New Delhi: Despite a seven-month drop in global oil prices, India’s state-owned fuel merchants have been able to recover their losses after maintaining rates for a record-breaking five months despite rising costs.
As demand wanes due to recession worries, the price of international benchmark Brent crude last week dropped below USD 90 a barrel for the first time since early February. After recovering, it is now selling at USD 92.84 per barrel, the lowest price in the previous six months.
Despite positive developments like Russia’s decision to keep the North Stream pipeline offline and production cuts by the producers cartel OPEC and its partners (OPEC+), prices plummeted.
However, this has not resulted in any changes to India’s retail pricing for gasoline and diesel, which have been frozen for a record-breaking 158 days.
Oil Minister Hardeep Singh Puri attempted to link the lack of a revision to losses state-owned fuel retailers incurred by maintaining rates when international oil prices climbed to multi-year highs in his Friday response to questioning from reporters regarding the lack of a revision.
“When (international oil) prices were high, our (petrol and diesel) prices were already low,” he had said. “Have we recouped all our losses?” he went on to ask.
He did not, however, go into detail about the losses experienced by maintaining rates unchanged since April 6.
On September 8, the average price of the crude oil that India buys was USD 88 per barrel. Its monthly average had been USD 102.97 in April before increasing to USD 109.51 in May and USD 116.01 in June. In July, when the Indian basket averaged USD 105.49 per barrel, prices began to decline. It was USD 97.40 on average in August and USD 92.87 so far in September.
Indian Oil Corporation (IOC), Bharat Petroleum Corporation Ltd (BPCL), and Hindustan Petroleum Corporation Ltd (HPCL), three state-owned fuel retailers, have been ineligible to exercise their right to raise the retail selling price of gasoline and diesel in accordance with international prices for more than five months.
As the price of oil rose internationally, they were at one time losing Rs 20–25 on each litre of diesel and Rs 14–18 on each litre of gasoline. The decline in oil prices has reduced these losses.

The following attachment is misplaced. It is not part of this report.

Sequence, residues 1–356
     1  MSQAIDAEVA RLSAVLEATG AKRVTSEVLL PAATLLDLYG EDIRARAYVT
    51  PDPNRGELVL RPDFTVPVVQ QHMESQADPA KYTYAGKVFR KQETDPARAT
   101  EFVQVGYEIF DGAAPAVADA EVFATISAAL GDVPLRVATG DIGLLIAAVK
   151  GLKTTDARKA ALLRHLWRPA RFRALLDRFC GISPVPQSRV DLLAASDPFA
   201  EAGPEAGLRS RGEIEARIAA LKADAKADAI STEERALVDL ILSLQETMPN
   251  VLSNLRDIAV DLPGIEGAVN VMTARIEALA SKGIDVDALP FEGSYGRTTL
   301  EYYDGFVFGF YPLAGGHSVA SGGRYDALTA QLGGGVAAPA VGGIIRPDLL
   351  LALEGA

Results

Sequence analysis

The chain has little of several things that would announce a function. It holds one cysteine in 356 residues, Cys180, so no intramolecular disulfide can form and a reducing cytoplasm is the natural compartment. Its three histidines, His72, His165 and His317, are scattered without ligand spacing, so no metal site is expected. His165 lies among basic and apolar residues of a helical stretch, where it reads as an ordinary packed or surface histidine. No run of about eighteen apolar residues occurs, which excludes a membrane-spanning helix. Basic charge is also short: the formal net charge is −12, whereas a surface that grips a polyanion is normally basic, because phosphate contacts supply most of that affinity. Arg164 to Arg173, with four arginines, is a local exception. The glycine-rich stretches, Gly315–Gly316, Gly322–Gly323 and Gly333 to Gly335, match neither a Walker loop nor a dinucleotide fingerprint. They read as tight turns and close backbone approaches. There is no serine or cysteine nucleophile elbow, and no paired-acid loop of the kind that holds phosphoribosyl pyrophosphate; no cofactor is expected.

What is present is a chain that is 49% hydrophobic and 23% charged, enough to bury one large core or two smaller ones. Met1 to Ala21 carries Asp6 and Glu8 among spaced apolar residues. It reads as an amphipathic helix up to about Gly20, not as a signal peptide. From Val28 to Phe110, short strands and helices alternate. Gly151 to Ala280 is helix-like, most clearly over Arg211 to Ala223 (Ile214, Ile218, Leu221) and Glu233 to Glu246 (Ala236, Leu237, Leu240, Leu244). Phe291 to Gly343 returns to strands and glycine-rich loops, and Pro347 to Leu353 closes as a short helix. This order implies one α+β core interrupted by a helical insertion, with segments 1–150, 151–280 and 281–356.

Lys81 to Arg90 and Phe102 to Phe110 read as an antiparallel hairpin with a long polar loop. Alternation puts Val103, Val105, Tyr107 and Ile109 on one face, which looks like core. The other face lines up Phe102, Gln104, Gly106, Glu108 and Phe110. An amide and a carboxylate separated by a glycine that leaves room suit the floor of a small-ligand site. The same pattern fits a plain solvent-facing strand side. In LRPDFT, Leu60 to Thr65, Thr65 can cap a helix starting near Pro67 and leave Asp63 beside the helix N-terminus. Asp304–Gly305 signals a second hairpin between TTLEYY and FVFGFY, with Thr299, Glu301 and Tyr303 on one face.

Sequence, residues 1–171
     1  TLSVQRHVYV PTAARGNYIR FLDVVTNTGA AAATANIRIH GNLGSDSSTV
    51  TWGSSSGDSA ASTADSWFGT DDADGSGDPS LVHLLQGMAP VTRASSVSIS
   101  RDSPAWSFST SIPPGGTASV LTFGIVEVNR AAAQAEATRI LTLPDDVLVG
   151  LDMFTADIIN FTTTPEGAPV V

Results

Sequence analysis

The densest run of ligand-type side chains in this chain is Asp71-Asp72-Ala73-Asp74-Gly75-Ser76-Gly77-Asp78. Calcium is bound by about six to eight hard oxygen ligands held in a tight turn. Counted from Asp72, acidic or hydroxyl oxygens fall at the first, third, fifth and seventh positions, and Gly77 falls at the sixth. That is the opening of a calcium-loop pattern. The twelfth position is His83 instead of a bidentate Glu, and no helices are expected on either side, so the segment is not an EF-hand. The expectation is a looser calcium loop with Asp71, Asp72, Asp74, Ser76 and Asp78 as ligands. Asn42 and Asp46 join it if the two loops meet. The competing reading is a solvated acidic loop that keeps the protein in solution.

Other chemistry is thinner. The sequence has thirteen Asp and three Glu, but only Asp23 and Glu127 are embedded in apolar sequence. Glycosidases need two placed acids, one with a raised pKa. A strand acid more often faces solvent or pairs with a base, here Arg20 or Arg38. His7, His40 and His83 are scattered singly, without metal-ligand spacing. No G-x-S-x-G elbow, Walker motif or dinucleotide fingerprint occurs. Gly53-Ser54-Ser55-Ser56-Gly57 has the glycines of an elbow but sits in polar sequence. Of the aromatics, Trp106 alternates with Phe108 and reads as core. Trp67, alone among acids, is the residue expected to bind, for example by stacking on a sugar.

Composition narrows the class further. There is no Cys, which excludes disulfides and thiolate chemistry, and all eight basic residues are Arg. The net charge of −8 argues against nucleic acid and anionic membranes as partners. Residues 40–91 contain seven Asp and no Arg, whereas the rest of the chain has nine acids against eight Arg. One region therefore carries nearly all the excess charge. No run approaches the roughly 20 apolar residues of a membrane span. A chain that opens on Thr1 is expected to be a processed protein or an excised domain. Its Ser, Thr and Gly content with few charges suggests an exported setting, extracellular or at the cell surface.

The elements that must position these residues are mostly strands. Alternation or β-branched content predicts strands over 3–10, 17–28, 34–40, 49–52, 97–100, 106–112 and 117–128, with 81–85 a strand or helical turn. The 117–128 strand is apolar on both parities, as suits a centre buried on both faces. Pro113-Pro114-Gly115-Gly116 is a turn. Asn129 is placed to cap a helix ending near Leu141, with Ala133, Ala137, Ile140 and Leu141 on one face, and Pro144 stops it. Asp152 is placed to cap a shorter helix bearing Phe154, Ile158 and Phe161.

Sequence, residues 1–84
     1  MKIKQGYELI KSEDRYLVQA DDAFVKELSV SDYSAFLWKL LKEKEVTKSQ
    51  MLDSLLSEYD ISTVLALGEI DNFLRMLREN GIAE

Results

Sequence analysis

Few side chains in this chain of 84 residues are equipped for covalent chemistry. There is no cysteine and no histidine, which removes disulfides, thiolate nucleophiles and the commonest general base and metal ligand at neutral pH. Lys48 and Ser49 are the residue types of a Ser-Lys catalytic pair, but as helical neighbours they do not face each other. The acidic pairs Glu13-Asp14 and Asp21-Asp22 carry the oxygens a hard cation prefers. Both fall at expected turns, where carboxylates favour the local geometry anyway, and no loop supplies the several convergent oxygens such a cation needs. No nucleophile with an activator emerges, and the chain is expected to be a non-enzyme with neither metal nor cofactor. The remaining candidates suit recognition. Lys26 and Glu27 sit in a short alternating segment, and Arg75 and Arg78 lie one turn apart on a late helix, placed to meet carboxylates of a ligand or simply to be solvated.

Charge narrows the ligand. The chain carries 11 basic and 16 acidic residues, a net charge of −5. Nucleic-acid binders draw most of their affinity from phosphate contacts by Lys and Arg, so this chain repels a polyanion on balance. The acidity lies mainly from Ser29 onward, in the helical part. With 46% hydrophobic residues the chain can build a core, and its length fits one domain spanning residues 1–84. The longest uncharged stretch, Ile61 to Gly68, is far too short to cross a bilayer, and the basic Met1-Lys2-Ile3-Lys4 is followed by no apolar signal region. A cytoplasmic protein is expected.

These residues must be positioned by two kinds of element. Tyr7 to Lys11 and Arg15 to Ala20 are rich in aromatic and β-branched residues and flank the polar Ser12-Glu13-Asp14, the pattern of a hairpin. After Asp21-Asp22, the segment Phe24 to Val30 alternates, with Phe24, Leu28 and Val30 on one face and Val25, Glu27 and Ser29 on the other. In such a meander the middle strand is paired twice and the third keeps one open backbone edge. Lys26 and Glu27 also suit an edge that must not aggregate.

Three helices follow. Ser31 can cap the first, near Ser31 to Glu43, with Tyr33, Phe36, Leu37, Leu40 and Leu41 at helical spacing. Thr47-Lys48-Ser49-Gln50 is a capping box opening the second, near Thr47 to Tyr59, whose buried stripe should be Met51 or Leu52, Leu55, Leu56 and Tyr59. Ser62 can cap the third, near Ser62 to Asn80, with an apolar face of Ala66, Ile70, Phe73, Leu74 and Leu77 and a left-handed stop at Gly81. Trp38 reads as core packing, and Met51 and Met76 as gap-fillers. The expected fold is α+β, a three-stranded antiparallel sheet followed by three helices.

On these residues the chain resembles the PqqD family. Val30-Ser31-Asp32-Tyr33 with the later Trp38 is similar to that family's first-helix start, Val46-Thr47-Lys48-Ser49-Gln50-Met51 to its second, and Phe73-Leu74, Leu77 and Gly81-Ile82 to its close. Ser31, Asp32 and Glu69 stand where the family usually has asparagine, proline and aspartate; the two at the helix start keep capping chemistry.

“There are no under-recovery (losses) on petrol now. For diesel, it will take some time to reach that level,” an official said.
However, since oil companies will be permitted to recover losses they have accrued through selling fuel below cost during the previous five months, it is unlikely that this will result in an immediate decrease in rates, according to another official.
Puri had said on Friday that in order to provide some respite, the price of crude oil must remain at USD 88 per barrel or drop below it.
Since imports account for 85% of India’s oil requirements, developments on the international markets have a direct impact on retail pump prices.
IOC, BPCL, and HPCL are tasked with daily cost-based revisions to the retail price of gasoline and diesel. However, they did so starting on November 4, 2021, shortly before elections in states like Uttar Pradesh, for a record 137 days.
When the previous freeze expired on March 22 of this year, prices increased by Rs. 10 per litre in just over a fortnight before a fresh freeze started on April 7.
Petrol currently costs Rs 96.72 a litre and diesel Rs 89.62 in the national capital. This is down from Rs 105.41 a litre price on April 6 for petrol and Rs 96.67 a litre for diesel as the government cut excise duty to cool rates.
The Rs 10 per litre price hike that took place between March 22 and April 6 wasn’t enough to cover the cost, and the new freeze meant that more losses would accrue, according to officials.
At assist the government in controlling inflation, which had already soared to a multi-year high, oil companies did not revise prices. If the cost of gasoline and diesel had been raised, it would have increased even more.
Due to the freeze, the three retailers reported a combined net loss for the June quarter of Rs 18,480 crore.
Diesel was deregulated in November 2014, and gasoline in June 2010. Since that time, the government has stopped providing oil companies with any subsidies to make up for any losses they may have suffered from selling petroleum below cost.
So when input costs decrease, the oil firms make up for their losses, the first official said.
The invasion of Ukraine by Russia on February 24 shocked the world’s energy markets. As sanctions were placed on Russia’s major exports by the international community, initial price spikes developed into persistent price increases. Before the invasion, Brent was trading at USD 90.21 per barrel. On March 6, it reached a 14-year high of USD 140.
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